Update (May 10, 2015): JPay has provided the following statement:
In response to your article, How a Terms-of-Service Agreement Can Land You in Solitary Confinement, JPay has removed that language from our Terms of Service and made the below statement.
“It has recently come to our attention that there is language in our Terms of Service that impacts our customers and their families. The language states that JPay owns all content transmitted through our Email, VideoGram and Video Visitation services. Our intention was never to take ownership and profit in any way from our customers’ content. That is not and has never been JPay’s business and we have removed this language from our Terms of Service. From its inception, JPay has pledged to make our customers our top priority and we will continually strive to meet this pledge as best and as quickly as we can.”
For just about every service you use online, like Facebook or iTunes, you have to agree to a company’s “terms-of-service” (TOS) agreement. Most of us don’t bother to read the TOS; we merely click the “I Agree” button and get on with our lives. We aren’t likely to suffer any negative ramifications from our failure to read the fine print.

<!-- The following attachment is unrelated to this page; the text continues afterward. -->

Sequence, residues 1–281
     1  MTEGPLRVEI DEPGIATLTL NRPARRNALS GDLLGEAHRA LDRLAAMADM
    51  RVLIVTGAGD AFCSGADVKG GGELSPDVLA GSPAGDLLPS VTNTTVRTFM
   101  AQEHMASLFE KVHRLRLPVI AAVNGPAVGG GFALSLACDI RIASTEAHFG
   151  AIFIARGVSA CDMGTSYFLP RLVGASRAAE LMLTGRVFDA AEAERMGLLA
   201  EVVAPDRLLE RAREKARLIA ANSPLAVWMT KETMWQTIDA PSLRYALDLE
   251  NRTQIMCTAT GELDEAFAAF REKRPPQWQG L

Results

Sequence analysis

The same can’t be said, though, for the users of JPay, a company that provides digital communications systems to corrections facilities in at least 19 states. As their website says, JPay offers a variety of services for inmates and their families: “Send money to your loved one in state prison. Email your cousin in county jail. Chat with a friend using video visitation or give the gift of music with the JP4® player.”
But there’s a catch. Buried in JPay’s lengthy TOS is this clause:
You … acknowledge that JPay owns all of the content, including any text, data, information, images, or other material, that you transmit through the Service.
As Dave Maass of the Electronic Frontier Foundation explains, this means: